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Paperback What Color Is Your Parachute? 2010: A Practical Manual for Job-Hunters and Career-Changers Book

ISBN: 1580089879

ISBN13: 9781580089876

What Color Is Your Parachute? 2010: A Practical Manual for Job-Hunters and Career-Changers

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Format: Paperback

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Book Overview

This job-hunting classic is revised and updated annually. It includes useful Internet sites and explains how to select a career counselor.

Customer Reviews

5 ratings

Job Hunter's Bible

This is THE book for Job Hunters. I buy it annually. New "Hard Times" edition for 2010. Richard N. Bolles really knows his stuff. He takes reader feedback every year (by a deadline) to input into future editions. READ THIS and follow all instructions if you are out of work or hate your job. READ THIS even if you are employed and/or wish to start your own business. Yes, Bolles addresses would-be Entrepreneurs/esses, too!

Setting the right mindset

This book has definitely given me insight on how the job market works. As a college graduate, it is definitely important to have a good overview of what to expect during the job-hunting process. Bolles' book has provided me with tools that will be useful in when searching for my career. Most importantly, it also puts me in the right mindset- not finding a job for the sake of finding a job but to dare go for what I am passionate about and believe that things will fall into place after that. A highly recommended book for job-hunters!

Tremendous resource

I am currently between jobs, and use this book every day to plan my job search. It is literally like a shot of confidence in the arm. The book is full of great insights not just on the job search, but also on the entire psychology of it all. It has great websites you can use to do career tests and personality tests. The great thing about the book is that the author has so much experience, so is able to draw on those many years, to give advice. It is like having a high-paid careeer coach. I can't recommend this book enough.

First Book To Buy For Job Hunting

"What Color Is Your Parachute" is the first book you need if finding a job is your goal. If you've not bought this yet, you haven't started looking. Richard Bolles is the expert. His books sell because they are fresh each year with insight, purpose and ideas for determining what job you should do, and how to get it. I used "Parachute" to get my first job. It continues to influence me today, as I job hunt again. Thoroughly practical, Bolles asks you questions about your mission in life. His belief is that just getting a job -- even ones you are good at -- won't be a wise decision in the long haul. He helps you see your passions mixed with skills and experience, and guides you to getting their. Though it is hardly a self-help book, it is far more useful than the ones clogging up the Top 10 list. He keeps you accountable. Finding a job is your job if that's what you say you want. And if you aren't working, he won't let you make excuses -- you've got the time. Either you are looking or you aren't. Dr. Phil could take a note from Bolles' direct yet congenial style. Don't bother with the hardcover. You need the paperback. This is not a sit-on-the-shelf book, but a get-down-to-business book, and you'll appreciate the flexibility while at work or on the train. I fully recommend, "What Color Is Your Parachute" by Richard Nelson Bolles. Anthony Trendl editor, HungarianBookstore.com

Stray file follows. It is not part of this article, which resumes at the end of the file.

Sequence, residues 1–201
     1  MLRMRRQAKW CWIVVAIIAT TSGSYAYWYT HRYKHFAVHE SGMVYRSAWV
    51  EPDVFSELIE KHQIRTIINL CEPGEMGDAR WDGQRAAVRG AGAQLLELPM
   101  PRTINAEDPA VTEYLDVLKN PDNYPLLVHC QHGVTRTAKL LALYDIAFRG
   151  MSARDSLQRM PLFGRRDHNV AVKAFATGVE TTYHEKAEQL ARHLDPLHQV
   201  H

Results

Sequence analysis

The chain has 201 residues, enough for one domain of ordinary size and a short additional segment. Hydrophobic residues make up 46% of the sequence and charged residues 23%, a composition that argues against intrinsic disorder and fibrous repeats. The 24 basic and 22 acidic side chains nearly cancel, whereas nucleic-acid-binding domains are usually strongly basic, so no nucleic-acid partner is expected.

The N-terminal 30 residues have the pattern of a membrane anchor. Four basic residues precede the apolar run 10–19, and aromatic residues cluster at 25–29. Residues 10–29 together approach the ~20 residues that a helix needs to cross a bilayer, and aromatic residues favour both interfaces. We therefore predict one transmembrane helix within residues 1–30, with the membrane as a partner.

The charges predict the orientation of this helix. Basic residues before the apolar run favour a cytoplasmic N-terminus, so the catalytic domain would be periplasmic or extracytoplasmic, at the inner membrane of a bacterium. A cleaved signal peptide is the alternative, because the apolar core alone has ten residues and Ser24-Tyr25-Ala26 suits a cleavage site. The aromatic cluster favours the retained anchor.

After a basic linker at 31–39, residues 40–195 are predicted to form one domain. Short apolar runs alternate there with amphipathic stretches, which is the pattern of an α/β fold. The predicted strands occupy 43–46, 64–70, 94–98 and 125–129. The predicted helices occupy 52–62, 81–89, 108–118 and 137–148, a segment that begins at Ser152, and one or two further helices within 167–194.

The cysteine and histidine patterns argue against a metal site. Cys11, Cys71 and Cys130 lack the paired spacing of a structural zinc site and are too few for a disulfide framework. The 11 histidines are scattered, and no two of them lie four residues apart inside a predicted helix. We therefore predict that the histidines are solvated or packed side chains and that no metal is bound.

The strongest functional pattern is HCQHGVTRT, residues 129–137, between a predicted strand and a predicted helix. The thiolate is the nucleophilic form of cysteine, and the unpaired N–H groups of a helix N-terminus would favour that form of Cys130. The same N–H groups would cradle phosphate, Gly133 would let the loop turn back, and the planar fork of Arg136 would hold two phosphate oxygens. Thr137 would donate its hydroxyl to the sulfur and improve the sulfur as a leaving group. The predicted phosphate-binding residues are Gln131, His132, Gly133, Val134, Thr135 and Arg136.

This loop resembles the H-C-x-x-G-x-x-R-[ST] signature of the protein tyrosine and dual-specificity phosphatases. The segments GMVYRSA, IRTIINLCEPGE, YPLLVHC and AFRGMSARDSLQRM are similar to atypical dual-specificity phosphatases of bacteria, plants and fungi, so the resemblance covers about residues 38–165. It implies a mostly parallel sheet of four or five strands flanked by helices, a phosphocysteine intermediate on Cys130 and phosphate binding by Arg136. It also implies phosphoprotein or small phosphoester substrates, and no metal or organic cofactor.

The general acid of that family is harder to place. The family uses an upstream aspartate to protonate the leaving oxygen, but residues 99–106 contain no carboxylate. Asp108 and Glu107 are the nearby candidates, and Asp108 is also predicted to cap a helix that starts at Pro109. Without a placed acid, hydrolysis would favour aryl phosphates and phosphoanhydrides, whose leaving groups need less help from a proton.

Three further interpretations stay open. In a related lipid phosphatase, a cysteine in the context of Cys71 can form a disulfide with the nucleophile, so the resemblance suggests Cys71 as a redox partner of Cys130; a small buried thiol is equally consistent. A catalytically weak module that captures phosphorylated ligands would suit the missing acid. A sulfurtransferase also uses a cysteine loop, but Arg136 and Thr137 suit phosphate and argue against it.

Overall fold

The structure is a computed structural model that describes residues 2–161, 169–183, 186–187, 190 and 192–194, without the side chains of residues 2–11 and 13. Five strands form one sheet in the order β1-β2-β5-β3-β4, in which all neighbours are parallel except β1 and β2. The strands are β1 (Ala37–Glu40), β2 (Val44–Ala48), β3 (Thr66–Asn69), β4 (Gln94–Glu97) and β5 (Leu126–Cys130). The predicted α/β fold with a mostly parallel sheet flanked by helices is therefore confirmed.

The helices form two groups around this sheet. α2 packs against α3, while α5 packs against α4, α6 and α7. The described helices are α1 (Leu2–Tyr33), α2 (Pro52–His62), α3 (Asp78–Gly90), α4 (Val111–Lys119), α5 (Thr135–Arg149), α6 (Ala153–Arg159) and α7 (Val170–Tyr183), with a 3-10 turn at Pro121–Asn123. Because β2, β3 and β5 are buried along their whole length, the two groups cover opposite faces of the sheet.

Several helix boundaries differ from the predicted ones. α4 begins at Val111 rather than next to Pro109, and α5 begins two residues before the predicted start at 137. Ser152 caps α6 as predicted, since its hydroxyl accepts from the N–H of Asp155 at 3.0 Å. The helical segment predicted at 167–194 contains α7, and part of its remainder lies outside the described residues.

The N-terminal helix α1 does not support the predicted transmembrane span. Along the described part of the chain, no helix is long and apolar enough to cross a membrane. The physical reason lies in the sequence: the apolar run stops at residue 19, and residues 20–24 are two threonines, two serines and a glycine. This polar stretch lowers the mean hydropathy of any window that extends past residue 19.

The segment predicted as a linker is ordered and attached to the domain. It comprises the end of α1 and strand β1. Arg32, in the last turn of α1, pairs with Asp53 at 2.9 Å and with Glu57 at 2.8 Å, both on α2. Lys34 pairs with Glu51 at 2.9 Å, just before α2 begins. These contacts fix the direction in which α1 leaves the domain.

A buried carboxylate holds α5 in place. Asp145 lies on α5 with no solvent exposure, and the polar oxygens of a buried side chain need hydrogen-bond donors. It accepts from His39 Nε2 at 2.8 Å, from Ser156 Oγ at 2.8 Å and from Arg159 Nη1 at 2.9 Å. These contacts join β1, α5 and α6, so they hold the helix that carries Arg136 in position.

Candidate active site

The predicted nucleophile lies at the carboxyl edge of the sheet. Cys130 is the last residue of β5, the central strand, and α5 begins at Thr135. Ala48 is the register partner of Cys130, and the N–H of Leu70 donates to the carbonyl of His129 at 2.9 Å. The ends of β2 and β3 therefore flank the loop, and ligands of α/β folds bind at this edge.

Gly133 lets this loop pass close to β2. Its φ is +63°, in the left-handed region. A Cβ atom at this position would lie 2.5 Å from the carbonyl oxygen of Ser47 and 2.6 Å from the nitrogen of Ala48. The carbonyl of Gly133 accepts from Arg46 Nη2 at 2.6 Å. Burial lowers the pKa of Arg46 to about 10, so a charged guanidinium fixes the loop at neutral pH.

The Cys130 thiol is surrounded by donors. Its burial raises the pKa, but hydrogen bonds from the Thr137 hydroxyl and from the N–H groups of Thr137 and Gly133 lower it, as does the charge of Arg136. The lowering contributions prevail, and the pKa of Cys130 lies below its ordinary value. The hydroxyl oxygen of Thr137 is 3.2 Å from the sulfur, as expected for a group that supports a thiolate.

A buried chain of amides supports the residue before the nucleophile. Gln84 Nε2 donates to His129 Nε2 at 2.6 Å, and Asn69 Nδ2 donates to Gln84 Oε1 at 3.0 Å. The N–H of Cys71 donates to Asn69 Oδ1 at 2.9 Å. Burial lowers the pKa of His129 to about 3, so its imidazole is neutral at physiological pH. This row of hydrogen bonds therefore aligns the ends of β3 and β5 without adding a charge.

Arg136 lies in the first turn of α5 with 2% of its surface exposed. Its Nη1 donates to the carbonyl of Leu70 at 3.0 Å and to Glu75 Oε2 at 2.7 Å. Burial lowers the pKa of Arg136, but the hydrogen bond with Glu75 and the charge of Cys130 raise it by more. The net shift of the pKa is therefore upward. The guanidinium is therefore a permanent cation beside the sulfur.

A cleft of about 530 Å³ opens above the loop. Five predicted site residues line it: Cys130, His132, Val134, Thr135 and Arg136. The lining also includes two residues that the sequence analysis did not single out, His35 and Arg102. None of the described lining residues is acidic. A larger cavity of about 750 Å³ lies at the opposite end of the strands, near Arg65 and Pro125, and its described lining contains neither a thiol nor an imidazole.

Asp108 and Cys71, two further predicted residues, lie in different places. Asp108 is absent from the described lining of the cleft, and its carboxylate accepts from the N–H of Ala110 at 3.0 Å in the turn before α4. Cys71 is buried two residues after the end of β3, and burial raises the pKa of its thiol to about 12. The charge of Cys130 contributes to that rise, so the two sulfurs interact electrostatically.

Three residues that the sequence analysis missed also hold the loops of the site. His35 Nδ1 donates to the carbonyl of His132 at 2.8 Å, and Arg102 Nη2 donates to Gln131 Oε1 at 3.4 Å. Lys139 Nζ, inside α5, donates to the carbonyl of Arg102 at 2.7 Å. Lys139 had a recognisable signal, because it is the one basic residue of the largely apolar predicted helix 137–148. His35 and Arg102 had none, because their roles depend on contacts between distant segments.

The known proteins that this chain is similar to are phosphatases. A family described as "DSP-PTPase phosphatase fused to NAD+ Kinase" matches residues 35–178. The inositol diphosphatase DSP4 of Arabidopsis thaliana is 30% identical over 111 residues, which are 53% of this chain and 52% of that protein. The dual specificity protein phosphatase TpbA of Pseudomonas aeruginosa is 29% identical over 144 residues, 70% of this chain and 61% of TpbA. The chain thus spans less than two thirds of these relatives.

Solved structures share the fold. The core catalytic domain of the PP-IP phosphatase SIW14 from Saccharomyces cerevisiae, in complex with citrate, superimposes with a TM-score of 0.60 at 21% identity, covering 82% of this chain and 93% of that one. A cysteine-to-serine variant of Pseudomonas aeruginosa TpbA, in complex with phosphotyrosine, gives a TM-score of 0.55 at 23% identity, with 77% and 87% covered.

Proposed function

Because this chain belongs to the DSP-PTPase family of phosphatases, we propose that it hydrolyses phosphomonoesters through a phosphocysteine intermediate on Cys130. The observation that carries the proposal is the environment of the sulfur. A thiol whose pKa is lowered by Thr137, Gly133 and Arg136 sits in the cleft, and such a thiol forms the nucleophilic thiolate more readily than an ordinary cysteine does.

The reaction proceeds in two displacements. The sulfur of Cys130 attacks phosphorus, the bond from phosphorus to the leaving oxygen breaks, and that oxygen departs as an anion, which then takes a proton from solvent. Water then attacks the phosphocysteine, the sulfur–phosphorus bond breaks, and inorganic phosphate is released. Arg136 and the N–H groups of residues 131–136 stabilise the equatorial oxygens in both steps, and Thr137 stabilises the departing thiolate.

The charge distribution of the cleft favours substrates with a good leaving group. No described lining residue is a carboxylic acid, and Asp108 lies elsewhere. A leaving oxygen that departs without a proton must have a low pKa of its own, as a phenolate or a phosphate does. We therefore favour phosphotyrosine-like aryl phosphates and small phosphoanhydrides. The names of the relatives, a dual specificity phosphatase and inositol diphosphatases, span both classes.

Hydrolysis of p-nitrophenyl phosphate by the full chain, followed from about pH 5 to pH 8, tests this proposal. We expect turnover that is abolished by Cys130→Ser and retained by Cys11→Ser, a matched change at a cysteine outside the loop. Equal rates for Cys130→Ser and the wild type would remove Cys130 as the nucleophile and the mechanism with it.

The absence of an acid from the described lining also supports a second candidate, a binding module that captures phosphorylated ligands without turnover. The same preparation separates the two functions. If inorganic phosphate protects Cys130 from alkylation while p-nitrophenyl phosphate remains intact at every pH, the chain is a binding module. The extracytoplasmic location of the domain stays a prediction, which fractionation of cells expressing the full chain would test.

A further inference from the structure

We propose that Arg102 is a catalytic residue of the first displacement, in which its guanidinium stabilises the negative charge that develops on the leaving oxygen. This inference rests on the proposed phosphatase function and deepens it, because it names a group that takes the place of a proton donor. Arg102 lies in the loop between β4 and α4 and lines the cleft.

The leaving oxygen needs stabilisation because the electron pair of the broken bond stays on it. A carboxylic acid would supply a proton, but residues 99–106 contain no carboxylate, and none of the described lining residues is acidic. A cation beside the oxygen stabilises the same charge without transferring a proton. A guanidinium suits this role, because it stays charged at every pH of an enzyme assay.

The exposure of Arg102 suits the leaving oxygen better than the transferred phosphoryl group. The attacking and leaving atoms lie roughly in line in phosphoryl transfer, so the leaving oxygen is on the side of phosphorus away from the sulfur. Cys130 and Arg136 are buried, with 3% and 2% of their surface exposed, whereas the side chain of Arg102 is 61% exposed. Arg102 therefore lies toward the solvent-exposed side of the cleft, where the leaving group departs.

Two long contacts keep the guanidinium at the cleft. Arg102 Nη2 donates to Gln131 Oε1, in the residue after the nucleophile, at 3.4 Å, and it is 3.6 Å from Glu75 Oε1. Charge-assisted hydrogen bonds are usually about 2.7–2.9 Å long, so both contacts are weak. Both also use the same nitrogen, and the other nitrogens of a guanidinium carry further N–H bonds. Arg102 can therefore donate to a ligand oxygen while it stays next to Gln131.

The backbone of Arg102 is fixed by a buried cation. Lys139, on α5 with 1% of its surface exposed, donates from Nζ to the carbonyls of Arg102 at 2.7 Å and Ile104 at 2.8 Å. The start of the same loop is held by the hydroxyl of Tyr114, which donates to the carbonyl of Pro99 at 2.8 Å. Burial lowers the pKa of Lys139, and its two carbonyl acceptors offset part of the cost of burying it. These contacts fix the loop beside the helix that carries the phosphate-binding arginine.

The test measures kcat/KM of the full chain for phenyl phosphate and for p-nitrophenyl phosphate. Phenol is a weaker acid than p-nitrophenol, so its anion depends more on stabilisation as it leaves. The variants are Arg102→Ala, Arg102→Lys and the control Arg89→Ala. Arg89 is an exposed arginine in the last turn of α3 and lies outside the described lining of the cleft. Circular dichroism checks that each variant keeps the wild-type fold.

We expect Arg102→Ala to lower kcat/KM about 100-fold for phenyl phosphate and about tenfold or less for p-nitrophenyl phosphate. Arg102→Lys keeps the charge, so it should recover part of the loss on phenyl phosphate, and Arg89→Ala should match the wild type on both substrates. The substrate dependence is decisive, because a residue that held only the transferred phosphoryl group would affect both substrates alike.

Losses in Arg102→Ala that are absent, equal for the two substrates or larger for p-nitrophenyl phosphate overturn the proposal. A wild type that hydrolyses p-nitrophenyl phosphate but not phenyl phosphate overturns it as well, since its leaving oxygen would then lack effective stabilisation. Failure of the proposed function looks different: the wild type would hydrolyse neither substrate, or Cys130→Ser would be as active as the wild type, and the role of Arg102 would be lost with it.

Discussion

Highly recommended guide to improving your career

Richard Bolles'," What Color Is Your Parachute?," has garnered a lot of praise, and sold not a few copies, over the years. I found the book easy to read, with simple, but useful, advice for the job-hunter. Like other books of its type, it contains a combination of exposition and exercises, or homework if you like; Bolles provides short-cuts for those who may already have the "answers" and step-by-step details for those who do not. Read it like you would a textbook and expect to be called upon in class to answer questions. Completing the exercises does take some time, but the few hours needed are a small price to pay.Bolles writes in a down-to-earth, non-academic style. He is constantly hammering home a few points: the job-hunt may take a long time and be meet with failure after failure, which leads to giving up too quickly i.e. persistence pays off, the job-hunter should take no short-cuts and leave no stone unturned, if a particular strategy doesn't work pick another one, and that it is important to identify what your skills and interests are; none of this is particularly unique to this book. Bolles clearly makes a distinction between skills and traits, something not all books of this type do adequately. He provides alternatives when a particular approach fails to produce results. And above all he encourages while at the same time providing some realism.The book is copiously illustrated. And ironically - I typically complain that publishers of non-fiction often leave out illustrations - this is my one complaint about the book, that the illustrations take up so much space and yet provide nothing but aesthetic value. A word of caution, that the author himself acknowledges, many of the Internet links provided are out-dated - either because the links are "dead" or because they have become fee-for-service sites instead of free. I have just started looking for that dream job, so my journey isn't over yet. But I would recommend this book to anyone seeking to improve their working life.
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